Is it any wonder, then, that we too will find ourselves working with people who struggle with conflict of interest? Is it any wonder that church officers will manipulate church policies and politics to their personal benefit? Should it surprise us that fellow workers will not only see their coworkers as team members in the “work of God,” but also as “a deep pocket,” “a stepping stone,” a resource for improving their own personal lives? But like Jesus, we can accept our “assignment,” knowing we work with One who has the necessary experience and wisdom to help us.
Not only did our Example accept Judas into His circle of disciples, but, as with the others, Jesus entrusted him with the power to heal and cast out demons (Matt. 10:1). More than that, Jesus even allowed Judas to mind the money box!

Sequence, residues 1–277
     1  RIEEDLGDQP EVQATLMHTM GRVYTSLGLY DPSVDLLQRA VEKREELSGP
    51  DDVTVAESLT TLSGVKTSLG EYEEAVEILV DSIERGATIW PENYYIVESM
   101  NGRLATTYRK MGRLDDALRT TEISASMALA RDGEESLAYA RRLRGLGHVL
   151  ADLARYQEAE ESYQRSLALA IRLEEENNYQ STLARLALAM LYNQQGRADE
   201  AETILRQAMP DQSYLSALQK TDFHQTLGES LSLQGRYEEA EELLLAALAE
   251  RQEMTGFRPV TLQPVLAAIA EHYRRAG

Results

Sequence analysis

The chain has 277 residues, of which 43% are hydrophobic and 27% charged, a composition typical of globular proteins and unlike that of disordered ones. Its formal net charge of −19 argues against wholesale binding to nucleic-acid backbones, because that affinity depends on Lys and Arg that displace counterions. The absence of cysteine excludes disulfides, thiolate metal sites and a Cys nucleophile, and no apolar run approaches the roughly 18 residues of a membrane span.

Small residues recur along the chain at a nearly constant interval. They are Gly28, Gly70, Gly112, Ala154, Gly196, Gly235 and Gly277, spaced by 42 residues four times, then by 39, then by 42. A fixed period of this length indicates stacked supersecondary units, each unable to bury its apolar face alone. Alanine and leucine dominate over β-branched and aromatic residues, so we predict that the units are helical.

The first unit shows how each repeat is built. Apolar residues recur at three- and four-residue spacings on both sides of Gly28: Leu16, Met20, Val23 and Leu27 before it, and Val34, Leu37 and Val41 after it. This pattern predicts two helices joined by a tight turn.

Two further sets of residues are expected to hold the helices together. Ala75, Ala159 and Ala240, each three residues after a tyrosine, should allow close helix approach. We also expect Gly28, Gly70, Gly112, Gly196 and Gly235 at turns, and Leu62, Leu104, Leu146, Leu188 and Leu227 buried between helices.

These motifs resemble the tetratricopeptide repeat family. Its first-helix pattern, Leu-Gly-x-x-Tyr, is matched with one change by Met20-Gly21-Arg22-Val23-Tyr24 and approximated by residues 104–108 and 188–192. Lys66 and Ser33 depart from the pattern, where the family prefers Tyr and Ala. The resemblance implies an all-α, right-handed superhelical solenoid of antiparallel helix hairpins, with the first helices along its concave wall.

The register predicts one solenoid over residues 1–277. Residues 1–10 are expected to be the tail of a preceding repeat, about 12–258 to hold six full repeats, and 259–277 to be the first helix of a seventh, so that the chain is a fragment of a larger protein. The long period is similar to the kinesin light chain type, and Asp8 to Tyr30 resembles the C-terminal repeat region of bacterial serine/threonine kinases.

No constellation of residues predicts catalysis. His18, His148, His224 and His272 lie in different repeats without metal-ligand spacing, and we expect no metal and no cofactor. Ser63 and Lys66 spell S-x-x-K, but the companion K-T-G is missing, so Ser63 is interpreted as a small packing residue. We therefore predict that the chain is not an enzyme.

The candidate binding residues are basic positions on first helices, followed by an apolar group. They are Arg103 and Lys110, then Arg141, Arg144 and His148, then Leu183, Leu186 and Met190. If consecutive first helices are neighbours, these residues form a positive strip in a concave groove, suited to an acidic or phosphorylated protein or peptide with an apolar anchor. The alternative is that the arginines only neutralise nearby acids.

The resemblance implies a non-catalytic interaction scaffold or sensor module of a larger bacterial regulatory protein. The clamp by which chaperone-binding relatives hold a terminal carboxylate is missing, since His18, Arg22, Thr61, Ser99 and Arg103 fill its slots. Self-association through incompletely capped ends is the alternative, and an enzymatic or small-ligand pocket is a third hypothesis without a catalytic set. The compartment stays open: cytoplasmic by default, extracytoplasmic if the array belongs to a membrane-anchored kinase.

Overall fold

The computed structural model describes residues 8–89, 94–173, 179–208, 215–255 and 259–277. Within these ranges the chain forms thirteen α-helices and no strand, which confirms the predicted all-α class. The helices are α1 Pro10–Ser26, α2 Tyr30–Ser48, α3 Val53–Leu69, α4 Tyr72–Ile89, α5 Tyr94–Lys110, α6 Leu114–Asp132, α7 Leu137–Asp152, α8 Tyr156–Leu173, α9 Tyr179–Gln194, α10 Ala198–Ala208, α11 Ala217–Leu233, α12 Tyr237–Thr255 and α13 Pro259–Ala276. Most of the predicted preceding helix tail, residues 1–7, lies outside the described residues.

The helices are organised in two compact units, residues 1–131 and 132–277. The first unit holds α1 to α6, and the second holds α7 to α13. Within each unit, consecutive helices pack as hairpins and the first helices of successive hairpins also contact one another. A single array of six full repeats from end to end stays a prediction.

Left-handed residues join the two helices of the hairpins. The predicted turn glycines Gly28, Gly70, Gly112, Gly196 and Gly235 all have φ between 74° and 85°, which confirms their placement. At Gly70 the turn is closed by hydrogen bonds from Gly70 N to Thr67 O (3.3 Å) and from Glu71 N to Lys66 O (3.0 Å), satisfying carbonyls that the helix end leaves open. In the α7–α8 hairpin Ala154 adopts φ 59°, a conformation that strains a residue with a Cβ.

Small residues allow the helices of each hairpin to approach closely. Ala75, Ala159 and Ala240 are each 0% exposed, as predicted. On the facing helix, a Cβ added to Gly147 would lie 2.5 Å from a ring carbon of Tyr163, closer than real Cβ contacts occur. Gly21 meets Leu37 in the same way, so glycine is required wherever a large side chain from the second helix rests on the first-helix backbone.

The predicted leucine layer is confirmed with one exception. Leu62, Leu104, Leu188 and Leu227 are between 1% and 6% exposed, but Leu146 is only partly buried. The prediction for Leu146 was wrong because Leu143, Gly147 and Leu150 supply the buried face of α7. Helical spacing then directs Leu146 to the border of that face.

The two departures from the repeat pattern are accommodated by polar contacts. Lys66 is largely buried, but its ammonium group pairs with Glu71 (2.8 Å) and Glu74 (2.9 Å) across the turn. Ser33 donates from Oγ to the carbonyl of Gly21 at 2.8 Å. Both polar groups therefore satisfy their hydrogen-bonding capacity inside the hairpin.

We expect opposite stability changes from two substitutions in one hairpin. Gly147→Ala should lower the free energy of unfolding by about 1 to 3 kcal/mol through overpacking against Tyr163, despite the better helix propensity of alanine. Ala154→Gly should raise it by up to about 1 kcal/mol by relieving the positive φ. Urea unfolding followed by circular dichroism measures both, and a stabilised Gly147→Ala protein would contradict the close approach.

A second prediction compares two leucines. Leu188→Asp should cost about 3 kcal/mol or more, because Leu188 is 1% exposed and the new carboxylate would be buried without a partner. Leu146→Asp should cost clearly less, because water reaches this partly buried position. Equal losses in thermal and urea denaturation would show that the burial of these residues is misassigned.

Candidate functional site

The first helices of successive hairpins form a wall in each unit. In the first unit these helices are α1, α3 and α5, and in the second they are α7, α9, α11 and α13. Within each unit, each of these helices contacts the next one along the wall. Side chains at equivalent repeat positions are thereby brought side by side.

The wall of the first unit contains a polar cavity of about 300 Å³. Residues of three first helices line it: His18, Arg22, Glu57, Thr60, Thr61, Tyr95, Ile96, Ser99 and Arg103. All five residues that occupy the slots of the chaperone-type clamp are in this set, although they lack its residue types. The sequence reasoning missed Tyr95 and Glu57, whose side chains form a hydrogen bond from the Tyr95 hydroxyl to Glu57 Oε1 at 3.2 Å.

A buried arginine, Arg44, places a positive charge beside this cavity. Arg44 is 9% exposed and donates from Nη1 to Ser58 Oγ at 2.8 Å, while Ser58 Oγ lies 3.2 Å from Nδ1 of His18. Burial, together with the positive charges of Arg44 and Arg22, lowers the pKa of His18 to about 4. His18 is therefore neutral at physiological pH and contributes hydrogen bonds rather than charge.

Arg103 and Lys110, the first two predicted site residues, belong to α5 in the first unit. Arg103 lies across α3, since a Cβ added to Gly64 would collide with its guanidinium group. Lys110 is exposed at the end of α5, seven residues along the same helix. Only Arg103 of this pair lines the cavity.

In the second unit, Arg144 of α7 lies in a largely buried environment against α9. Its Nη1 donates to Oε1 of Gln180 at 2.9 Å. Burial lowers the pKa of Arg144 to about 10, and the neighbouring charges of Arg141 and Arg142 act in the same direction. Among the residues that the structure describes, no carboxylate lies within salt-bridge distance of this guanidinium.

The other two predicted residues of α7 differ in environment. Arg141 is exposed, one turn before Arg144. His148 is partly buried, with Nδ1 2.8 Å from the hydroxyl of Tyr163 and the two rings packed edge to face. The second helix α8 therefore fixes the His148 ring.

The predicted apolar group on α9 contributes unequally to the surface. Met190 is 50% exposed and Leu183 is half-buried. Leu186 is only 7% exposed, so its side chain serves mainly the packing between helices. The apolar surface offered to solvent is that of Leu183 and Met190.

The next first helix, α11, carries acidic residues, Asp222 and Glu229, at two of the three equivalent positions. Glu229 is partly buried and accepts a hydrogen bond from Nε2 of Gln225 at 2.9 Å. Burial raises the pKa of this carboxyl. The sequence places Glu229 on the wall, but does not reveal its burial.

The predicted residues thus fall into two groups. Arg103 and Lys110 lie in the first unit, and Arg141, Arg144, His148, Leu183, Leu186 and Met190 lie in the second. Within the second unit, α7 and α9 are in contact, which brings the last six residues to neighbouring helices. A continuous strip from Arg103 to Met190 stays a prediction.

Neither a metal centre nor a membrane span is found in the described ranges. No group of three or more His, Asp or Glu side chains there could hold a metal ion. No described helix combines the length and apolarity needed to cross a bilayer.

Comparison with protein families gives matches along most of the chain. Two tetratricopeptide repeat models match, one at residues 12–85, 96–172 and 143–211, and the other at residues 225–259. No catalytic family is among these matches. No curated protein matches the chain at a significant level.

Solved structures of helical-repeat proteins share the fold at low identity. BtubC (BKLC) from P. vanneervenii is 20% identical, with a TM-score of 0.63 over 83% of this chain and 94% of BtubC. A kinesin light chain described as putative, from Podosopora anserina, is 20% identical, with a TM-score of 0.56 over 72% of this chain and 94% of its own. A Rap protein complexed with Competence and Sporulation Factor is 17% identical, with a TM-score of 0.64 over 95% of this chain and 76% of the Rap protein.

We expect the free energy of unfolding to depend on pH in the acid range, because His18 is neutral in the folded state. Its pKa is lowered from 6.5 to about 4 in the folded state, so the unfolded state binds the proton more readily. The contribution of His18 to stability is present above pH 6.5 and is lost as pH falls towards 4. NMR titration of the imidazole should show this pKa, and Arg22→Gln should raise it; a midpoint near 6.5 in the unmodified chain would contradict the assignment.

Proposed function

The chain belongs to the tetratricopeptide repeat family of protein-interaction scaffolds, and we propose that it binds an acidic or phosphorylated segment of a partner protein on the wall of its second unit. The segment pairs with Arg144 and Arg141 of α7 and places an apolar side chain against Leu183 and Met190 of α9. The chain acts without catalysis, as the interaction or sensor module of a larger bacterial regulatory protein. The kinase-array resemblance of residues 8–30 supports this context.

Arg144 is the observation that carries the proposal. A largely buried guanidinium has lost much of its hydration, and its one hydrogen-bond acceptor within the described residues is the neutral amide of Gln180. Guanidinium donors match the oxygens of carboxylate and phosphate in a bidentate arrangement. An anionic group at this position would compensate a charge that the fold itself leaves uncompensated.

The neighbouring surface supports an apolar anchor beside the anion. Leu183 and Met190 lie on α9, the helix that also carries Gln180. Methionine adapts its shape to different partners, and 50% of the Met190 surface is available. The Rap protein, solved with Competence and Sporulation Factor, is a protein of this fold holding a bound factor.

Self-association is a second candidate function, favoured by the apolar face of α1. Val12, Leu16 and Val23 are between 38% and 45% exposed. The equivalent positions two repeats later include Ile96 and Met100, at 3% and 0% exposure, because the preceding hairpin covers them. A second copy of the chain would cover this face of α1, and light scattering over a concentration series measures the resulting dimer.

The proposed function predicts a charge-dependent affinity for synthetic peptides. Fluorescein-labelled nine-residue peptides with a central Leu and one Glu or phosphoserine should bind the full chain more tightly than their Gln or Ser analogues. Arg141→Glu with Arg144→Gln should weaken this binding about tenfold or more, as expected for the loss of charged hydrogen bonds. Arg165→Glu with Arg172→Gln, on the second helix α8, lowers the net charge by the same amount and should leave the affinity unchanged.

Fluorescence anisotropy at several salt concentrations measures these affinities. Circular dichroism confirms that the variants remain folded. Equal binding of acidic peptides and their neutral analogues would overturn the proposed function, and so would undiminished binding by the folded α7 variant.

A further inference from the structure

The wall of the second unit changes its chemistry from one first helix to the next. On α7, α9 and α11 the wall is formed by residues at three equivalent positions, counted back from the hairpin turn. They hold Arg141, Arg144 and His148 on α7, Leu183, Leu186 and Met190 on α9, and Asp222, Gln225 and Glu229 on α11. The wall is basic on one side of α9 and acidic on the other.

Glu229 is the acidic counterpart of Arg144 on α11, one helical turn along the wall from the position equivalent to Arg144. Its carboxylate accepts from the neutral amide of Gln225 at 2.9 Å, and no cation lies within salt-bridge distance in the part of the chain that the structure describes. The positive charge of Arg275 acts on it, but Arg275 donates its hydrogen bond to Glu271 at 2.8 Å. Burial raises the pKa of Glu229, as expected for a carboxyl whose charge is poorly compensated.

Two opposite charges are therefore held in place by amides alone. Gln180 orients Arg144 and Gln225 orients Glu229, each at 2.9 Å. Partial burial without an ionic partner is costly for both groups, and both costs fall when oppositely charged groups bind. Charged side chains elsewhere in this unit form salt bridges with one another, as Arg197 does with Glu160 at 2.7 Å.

Isn’t it ironic that Judas, the devil’s all-time best helper, was given power to cast out evil spirits? Apparently Jesus uses some dubious tools to advance His work! Does that give us perspective on some of “the workers” we know?
And about that money box. . . . It surely must puzzle church auditors that Jesus, who knew that Judas had magnetic fingers for silver and gold, would allow this arrangement to continue. John clearly says that Judas did not oppose the alabaster box anointment “because he cared about the poor but because he was a thief; as keeper of the money bag, he used to help himself to what was put into it” (John 12:6). Apparently, Jesus was more concerned about the person than the petty cash.